The investor’s predicament hasn’t changed in the ninety years since Ben Graham went to 26 Broadway to ask the managers of Northern Pipeline to give the shareholders back their money. The reply he got was: “You must give us credit for knowing better than you what is best for the company and its stockholders.” All company managements think that, and always have, even if they’re increasingly careful about how and when they say so. For the rest of us, the difficulty is in telling the guys who can be trusted with your money from the guys who can’t. Warren Buffett can, and his letters make it sound easy. (“There seems to be some perverse human characteristic that likes to make easy things difficult,” he says.) Reading him, you think, How hard can this investing business be? His biographer gives us a clue as to the answer. When Buffett was in high school, he was earning twenty-one hundred dollars a year, more than his teachers, from a daily paper route. With the proceeds, he bought a forty-acre farm in Nebraska. So that’s the answer: if you bought a farm with your earnings while still in high school, you, too, will find investing simple. If not, business letters can still be fun to read, but it might be best to regard them as a form of literary fiction. ♦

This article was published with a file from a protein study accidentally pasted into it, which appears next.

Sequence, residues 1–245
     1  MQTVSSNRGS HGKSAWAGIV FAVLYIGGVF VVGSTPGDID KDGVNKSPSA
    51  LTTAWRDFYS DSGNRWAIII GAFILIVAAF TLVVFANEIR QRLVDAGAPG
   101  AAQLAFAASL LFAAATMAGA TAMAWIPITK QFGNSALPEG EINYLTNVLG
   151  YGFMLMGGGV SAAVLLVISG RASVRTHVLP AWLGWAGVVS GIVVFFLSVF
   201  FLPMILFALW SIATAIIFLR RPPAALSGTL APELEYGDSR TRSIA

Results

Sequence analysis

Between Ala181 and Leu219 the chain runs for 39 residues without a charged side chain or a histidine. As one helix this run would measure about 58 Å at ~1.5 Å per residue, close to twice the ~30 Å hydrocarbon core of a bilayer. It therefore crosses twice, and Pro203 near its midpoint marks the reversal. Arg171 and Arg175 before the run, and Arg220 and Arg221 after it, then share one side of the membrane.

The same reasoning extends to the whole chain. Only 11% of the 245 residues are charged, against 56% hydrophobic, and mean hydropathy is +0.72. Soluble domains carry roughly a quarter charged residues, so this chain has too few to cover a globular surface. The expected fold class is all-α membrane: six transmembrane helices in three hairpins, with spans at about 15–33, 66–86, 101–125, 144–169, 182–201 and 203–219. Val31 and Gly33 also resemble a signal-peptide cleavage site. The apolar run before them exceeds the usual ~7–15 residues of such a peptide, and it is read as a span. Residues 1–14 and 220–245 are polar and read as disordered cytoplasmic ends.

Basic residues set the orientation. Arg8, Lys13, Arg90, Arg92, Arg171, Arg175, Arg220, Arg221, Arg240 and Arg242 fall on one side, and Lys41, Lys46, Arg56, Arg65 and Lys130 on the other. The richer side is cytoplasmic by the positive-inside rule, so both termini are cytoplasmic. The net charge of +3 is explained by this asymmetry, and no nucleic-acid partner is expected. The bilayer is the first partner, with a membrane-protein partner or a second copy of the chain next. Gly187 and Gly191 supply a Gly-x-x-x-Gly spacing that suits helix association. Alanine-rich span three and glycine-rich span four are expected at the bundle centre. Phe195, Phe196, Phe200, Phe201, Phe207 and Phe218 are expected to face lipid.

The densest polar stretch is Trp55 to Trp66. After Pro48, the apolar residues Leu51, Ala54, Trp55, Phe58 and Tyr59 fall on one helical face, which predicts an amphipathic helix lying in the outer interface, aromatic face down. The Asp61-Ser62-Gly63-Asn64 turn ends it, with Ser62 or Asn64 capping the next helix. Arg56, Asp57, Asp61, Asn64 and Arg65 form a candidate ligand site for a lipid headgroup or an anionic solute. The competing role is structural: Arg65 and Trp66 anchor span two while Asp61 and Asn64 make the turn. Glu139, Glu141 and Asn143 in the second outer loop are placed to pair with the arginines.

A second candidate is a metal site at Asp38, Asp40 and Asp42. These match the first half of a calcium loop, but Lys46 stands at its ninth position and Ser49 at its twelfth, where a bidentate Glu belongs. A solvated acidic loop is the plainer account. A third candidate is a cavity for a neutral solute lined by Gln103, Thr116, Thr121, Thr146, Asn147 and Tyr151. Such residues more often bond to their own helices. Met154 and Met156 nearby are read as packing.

John Lanchester, the author of “How to Speak Money,” is a contributing editor at The London Review of Books, and has written for The New Yorker since 1995. More
This article appears in other versions of the September 5, 2016, issue, with the headline “Cover Letter.”